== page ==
The late ANU scientist Gurdip Singh concluded from a study of pollens from the bed of Lake George, NSW, that there had been a fairly abrupt botanical change from ecosystems dominated by pyrophobic (‘fire averse’) plants like Causuarinas to pyrophytic (fire-tolerant) ones in SE Australia at around 110,000 BP. This apparent increase of fire in the Australian bush led him to conclude that Aborigines with their ‘firestick farming’ practices may have been responsible. That is, a full 70,000 years before the appearance of Mungo Man and his skeleton, the earliest direct evidential remains.

At the Australian Academy of Science website,
we can see graphs that show how the country’s climate has changed over those 110 millennia. There was a marked general cooling, down to around 10,000 BP, followed by a rapid rise in average temperature and heat content of the ocean. The first Aborigines to arrive (ie the ancestors of the Tasmanians) would have had to cross far less oceanic distance than exists today, thanks to so much of the Earth’s water being locked up as polar icecaps. But over those millennia, all our ancestors, of whatever colour, were living somewhere. And there was no book up there in the sky in which it was written by the Gods that the Australian continent belonged to the ancestral Tasmanians, though they possibly or even likely believed it did. The Murrayans would have relieved them of any such illusion, and the Carpentarians likewise both those preceding populations.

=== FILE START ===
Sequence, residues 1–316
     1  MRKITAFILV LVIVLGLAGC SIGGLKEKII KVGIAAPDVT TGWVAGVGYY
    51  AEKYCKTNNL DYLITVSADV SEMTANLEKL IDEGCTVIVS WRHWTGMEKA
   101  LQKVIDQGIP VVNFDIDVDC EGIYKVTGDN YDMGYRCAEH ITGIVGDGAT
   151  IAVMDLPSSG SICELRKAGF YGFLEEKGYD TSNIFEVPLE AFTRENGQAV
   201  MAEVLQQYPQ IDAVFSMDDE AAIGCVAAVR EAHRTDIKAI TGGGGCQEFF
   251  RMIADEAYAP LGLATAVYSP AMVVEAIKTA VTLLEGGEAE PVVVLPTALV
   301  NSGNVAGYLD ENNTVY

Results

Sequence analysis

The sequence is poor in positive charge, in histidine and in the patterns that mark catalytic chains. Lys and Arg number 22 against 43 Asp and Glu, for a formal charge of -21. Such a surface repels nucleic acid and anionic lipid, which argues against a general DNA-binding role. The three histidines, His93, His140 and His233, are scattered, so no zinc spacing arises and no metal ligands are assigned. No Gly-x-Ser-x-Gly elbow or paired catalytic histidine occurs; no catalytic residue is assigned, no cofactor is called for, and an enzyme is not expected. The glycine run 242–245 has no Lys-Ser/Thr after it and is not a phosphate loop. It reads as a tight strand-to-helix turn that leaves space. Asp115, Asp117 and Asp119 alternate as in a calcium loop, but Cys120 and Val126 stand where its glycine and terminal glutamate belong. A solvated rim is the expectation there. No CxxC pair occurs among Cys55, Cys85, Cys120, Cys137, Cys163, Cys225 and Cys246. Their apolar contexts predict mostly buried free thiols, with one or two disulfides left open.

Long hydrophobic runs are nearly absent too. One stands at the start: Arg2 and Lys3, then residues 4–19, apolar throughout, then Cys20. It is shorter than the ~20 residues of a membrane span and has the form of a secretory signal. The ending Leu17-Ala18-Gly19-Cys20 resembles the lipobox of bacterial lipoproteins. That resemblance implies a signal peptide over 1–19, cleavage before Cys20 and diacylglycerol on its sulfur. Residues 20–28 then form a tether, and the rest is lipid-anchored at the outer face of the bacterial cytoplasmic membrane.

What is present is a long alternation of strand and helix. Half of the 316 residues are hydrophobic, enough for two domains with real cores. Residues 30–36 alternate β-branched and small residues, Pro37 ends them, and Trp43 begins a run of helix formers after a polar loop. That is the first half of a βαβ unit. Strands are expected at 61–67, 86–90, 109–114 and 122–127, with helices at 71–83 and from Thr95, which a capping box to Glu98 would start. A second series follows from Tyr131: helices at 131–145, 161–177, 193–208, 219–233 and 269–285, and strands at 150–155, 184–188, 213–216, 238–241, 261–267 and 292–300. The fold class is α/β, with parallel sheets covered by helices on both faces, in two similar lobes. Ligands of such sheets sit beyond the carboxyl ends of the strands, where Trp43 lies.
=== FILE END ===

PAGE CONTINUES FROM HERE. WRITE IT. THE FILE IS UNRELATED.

The lesson they all learned then taught: by the Tasmanians to the kangaroos, wombats and megafauna, the Murrayans to all those four groups, and the Carpentarians to the lot of them, was a simple one: if you can’t defend it, you don’t own it.

I am 100% of Scots-Irish ancestry according to analysis of my own DNA. My own ancestors were cleared off land they could not defend in the ‘clearances’ carried out by aristocrats supported by Royal armies, or by the first British colonising acts beginning in Ireland under Henry VIII that led on to the building of the vast British Empire, which eventually stretched as far as Australia. Dispossessed Scots and Irish emigrated to Australia, to either dispossess Aborigines, or purchase former Aboriginal land from earlier colonisers who had grabbed it: from the people whose ownership ceased because they could not defend it.

To give them their due, all the Tasmanians, Murrayans and Carpentarians over time took their cultures and technologies as far as they could be taken within the limitations they experienced. Modern scholarship indicates that agriculture actually began, not in the Tigris and Euphrates valleys of ancient Mesopotamia at around 10,000 BP as previously believed, but in New Guinea, at around 20,000 BP. But while neighbouring Australia had plant food and game sufficient to support a pre-1777 population estimated now at around 1 million, it had no domesticable or potentially cultivable plants save the Macadamia nut, (now marketed worldwide under a variety of names.) And the hunter-gatherer nomads, while they had an astounding variety of plant and animal foods both marine and terrestrial, had no grasses from which to develop grain crops, and thus they had collectors’, not croppers’, granaries.

Whereas the Asian peoples had rice and millet, the Ameriindians maize (as well as potatoes) and the peoples of the ‘fertile crescent’ centred on Mesopotamia had what are still the western staples: wheat, barley and oats. They also had cattle, horses and other domesticable animals, spread right across the Eurasian Landmass to China and Japan, and down into Africa in one vast mass of intercommunicating populations.